So hopefully by this stage you’ve synced up a few folders between your smartphone and PC, but what if you want to access your cloud storage system whilst you’re out and about? Well, you can do this too just by tweaking a few settings, but be forewarned that some routers aren’t very friendly when it comes to allowing Internet connections through their firewalls.
If you have a dedicated IP then this will be a little easier, if not then you’ll have to ask Google what your IP address is, but remember that this will likely change when you restart your router. You can try to connect to your server again via your internet IP, rather than LAN, by creating a new account in FolderSync.
If you can’t connect then there are a couple of things to try, firstly by bypassing your router’s firewall. You’ll need to access your routers settings, which can usually be done through your browser by typing in something like 192.168.X.XXX. Check the bottom of your router as the details can usually be found there.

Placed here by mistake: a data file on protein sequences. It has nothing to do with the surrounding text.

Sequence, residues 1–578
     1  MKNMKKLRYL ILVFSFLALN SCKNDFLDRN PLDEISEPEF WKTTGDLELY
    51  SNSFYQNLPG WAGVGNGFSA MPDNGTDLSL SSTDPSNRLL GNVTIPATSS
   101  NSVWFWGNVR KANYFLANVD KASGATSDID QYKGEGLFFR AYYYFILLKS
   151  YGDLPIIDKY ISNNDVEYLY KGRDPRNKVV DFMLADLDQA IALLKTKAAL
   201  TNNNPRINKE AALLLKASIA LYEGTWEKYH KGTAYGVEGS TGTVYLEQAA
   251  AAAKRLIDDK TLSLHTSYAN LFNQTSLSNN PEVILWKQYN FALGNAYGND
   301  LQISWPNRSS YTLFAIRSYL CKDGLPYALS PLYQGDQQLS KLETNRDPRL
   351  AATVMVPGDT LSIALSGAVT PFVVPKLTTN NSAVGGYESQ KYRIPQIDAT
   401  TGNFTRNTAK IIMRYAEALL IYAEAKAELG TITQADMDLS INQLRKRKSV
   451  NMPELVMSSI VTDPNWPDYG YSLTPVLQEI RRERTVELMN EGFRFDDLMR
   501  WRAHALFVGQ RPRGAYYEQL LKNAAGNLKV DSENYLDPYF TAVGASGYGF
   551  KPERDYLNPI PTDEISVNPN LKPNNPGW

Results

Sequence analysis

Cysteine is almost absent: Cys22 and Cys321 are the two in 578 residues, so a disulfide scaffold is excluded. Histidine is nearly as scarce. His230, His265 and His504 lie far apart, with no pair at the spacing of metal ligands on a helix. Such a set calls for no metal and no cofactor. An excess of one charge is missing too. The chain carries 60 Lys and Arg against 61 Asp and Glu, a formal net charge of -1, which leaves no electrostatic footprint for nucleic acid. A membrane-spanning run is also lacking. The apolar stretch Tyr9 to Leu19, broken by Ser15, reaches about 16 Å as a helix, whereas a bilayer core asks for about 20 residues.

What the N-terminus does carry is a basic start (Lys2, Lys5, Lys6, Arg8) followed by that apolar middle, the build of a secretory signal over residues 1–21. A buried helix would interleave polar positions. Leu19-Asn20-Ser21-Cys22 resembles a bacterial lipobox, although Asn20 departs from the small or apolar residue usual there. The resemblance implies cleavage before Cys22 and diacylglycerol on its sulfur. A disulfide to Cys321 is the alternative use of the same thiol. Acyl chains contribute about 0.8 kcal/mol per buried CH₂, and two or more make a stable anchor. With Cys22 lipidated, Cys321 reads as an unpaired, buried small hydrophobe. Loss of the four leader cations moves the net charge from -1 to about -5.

You can either attempt to mess around with port forwarding if you know what you’re doing, or alternatively you should be able to locate something called DMZ. Assign this to your PC host server and it will place it outside the protection/hindrance of your router’s firewall.
An example of ports forwarding data from external sources and DMZ enabled on the PC hosting the Filezilla server
Secondly, you can avoid some problems with routers blocking certain ports by reassigning the default port in the Filezilla server options. Use “edit”, “settings” and change the port field to something above 21. I found that 212 worked just fine for me. You’ll have to adjust these settings in your accounts on FolderSync, but just edit the accounts you created earlier and manually enter the port number.